“Finally, brethren, whatsoever things are true, whatsoever things are honest, whatsoever things are just, whatsoever things are pure, whatsoever things are lovely, whatsoever things are of good report; if there be any virtue, and if there be any praise, think on these things.” 

How about you folks who raised your children before you were saved? Can you make your children trust Christ? Can you make them to stop sinning? Of course not. Those things are beyond your control. Recognize that, for the most part, your kids are now God’s problem to address.

Ask Him to work in their lives. Ask Him to give you wisdom and insight. Ask Him to send you or another Christian along the way to witness to them. But don’t fret over a problem only God can solve.

Someone once said that folks worry about three things. They worry about yesterday, which is already come and gone. They worry about tomorrow, which hasn’t come yet. And they worry about today. I suggest you opt for peace instead of worry. If you love the Word of God, you can experience great peace for three reasons: a) You don’t worry about the past because you know God doesn’t hold your past against you if you’re a Christian.[5] b) You don’t worry about tomorrow, because you know Who holds tomorrow. c) As for today? You deal with what you can and give the rest to God.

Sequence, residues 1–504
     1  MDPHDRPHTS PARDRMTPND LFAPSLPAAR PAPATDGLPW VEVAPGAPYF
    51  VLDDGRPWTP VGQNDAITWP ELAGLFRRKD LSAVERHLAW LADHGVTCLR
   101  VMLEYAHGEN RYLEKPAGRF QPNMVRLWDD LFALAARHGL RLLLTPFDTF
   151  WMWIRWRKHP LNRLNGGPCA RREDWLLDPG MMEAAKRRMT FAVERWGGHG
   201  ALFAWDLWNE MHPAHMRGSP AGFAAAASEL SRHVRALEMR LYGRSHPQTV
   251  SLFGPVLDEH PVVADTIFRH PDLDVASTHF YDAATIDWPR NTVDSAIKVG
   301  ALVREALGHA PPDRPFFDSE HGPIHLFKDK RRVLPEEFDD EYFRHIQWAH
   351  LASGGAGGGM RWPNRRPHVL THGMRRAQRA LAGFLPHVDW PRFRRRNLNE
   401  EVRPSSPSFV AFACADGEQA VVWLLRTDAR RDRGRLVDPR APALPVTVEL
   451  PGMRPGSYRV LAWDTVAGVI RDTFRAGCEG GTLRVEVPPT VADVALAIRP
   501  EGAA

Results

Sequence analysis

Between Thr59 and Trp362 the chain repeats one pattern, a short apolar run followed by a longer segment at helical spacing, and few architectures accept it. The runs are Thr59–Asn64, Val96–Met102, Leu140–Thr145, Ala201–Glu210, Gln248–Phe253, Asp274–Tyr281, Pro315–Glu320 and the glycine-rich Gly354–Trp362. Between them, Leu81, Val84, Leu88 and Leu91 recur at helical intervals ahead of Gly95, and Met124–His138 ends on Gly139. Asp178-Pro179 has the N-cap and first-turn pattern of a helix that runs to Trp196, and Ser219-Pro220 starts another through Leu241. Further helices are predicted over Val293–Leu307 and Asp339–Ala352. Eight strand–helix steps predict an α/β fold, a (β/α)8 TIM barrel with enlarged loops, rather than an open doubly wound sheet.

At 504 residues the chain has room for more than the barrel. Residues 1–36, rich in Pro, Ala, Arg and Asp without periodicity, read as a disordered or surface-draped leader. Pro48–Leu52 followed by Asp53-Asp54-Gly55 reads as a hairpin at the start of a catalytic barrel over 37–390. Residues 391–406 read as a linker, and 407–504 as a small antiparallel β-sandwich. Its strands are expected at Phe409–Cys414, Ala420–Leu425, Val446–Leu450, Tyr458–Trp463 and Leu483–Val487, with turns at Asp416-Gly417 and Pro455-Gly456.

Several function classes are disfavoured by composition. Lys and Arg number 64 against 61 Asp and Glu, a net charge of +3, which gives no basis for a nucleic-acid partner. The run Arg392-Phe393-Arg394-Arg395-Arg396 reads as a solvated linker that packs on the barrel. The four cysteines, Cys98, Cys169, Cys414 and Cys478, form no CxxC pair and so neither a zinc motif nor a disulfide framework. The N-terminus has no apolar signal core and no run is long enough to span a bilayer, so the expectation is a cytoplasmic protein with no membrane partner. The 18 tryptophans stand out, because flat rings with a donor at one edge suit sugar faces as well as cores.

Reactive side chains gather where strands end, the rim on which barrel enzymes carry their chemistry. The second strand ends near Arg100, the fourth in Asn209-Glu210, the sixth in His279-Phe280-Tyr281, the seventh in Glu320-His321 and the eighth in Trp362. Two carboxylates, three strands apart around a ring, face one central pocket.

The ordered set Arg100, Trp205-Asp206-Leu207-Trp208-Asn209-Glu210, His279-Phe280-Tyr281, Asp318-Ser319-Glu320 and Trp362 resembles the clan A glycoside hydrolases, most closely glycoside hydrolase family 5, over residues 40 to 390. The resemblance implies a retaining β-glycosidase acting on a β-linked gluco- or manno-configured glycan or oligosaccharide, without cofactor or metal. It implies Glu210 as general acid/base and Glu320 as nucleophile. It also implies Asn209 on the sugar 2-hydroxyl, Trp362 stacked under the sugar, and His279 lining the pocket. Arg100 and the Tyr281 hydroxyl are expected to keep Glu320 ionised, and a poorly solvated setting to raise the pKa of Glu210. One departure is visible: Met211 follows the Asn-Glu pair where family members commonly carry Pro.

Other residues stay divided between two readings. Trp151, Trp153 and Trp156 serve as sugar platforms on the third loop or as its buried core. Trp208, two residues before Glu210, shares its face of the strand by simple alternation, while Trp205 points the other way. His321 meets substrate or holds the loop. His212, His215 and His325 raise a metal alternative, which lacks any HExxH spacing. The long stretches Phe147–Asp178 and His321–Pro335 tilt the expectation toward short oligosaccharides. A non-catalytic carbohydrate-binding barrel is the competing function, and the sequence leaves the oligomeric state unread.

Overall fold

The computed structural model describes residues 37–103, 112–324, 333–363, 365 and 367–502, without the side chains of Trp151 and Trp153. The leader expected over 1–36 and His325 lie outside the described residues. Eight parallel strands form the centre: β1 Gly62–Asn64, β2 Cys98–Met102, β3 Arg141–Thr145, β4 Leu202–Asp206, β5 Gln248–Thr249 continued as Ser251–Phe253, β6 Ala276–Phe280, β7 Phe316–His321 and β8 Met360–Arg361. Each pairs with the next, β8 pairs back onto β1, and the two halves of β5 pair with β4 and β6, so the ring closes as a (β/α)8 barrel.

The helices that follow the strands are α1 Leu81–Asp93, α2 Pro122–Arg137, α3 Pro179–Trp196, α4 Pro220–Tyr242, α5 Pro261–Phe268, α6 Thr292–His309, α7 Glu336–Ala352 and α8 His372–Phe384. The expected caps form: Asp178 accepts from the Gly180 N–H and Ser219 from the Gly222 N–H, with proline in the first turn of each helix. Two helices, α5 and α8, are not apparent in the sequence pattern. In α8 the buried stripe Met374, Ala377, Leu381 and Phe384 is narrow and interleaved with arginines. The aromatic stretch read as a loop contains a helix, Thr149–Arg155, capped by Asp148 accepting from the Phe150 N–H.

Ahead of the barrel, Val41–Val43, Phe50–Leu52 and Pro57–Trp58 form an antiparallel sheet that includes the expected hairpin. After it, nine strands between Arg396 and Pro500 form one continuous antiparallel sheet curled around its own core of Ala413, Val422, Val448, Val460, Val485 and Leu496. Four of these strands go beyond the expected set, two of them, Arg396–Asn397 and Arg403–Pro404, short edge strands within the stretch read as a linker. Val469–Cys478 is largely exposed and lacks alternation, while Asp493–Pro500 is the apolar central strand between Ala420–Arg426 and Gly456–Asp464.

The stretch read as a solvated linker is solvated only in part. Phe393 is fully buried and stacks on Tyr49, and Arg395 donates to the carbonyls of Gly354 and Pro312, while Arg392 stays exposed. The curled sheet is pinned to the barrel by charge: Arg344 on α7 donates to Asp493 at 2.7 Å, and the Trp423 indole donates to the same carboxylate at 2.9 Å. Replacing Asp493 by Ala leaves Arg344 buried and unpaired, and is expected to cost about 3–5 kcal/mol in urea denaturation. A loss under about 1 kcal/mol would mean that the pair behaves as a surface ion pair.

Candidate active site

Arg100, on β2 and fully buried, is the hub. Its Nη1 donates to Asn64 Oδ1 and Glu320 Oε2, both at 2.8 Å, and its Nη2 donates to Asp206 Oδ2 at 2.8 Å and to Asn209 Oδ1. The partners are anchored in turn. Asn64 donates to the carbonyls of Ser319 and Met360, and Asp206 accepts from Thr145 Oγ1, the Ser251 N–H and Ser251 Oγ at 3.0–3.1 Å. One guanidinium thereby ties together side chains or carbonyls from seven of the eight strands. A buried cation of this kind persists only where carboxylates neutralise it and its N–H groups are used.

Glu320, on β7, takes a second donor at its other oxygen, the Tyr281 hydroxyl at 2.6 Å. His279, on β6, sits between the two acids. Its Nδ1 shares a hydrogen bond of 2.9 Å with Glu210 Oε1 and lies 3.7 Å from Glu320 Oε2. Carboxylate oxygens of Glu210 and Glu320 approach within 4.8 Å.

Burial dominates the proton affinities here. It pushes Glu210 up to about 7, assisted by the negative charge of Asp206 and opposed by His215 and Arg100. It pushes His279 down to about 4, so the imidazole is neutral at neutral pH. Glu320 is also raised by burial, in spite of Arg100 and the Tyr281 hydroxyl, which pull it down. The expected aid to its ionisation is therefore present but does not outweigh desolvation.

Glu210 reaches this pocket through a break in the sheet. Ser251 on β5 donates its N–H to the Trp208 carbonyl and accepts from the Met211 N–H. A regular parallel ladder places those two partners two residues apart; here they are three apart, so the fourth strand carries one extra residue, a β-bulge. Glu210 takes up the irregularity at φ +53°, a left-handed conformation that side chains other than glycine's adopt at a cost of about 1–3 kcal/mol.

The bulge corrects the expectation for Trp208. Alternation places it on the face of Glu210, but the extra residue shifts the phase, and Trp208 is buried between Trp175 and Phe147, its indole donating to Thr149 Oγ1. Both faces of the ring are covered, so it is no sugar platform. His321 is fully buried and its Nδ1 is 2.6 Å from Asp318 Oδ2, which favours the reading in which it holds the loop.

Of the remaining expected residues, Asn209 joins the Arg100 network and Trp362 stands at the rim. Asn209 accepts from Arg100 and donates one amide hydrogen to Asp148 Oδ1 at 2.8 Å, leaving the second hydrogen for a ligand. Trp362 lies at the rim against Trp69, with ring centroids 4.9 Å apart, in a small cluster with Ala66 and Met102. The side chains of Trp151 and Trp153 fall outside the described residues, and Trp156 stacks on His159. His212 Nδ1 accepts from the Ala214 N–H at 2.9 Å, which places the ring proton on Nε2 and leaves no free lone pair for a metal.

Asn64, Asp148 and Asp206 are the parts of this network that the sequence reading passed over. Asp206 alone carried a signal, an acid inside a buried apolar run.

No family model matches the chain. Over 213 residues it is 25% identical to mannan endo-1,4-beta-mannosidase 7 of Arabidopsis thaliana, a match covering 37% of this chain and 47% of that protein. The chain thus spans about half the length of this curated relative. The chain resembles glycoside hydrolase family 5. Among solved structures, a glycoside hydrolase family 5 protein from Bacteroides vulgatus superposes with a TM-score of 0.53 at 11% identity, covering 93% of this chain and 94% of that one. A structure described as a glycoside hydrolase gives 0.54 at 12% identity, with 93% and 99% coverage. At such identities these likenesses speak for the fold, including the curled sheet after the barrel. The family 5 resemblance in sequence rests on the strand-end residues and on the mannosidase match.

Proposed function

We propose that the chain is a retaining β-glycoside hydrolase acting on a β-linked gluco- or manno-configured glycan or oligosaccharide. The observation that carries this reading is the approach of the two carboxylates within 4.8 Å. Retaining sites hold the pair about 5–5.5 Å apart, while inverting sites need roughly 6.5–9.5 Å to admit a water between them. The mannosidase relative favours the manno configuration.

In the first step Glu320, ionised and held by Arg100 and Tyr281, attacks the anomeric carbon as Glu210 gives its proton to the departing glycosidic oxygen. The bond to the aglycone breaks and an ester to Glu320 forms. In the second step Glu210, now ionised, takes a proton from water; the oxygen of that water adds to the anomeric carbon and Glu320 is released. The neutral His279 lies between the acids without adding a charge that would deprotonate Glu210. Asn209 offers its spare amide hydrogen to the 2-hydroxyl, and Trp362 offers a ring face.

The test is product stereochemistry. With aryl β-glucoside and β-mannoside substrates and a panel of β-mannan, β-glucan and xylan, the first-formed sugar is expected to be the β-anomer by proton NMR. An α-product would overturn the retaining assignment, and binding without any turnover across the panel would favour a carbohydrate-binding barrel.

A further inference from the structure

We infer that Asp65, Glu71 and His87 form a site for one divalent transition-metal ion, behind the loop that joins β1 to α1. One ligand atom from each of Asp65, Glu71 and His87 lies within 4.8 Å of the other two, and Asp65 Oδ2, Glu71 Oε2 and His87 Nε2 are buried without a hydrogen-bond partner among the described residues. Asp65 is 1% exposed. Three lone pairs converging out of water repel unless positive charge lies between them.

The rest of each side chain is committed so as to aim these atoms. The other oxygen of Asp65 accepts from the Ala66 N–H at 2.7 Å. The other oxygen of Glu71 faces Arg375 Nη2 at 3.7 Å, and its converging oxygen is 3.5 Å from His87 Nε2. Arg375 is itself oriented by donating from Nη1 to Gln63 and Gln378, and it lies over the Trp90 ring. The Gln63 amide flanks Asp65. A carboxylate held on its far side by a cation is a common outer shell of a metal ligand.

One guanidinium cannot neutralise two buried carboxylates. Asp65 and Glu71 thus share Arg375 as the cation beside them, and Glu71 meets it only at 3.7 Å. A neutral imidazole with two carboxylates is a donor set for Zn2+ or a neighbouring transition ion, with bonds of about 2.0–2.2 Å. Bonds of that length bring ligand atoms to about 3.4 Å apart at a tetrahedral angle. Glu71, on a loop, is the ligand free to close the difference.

If you don’t have peace with God, consider the claims of Christ. No problem you will ever face is of real importance so long as you are estranged from God. That is your first and most important priority. As for the peace of God, your experienced peace of mind and heart. Repent of the sin of slothfulness for not dealing with the problems you’re are fully capable of addressing with God’s help. And repent of the sin of not trusting God to solve His problems.

So you see, peace with God and the peace of God are byproducts, not proper pursuits. A right relationship with God through faith in Christ results in peace with God. Then, living by faith and doing God’s will as a Christian following your conversion to Christ will result in the Holy Spirit producing peace of mind and heart as a believer in Jesus Christ, the peace of God.


[1] Thomas Le Blanc is quoted by Charles H. Spurgeon, The Treasury Of David, Volume III, (Peabody, MA: Hendrickson Publishers), page 430.

[2] Francis Brown, S. R. Driver & Charles A. Briggs, The New Brown-Driver-Briggs-Gesenius Hebrew And English Lexicon, (Peabody, MA: Hendrickson Publishers, 1979), page 506.

[3] Jeremiah 6.14; 8.11

[4] Acts 9.1-9

[5] Hebrews 8.12; 10.17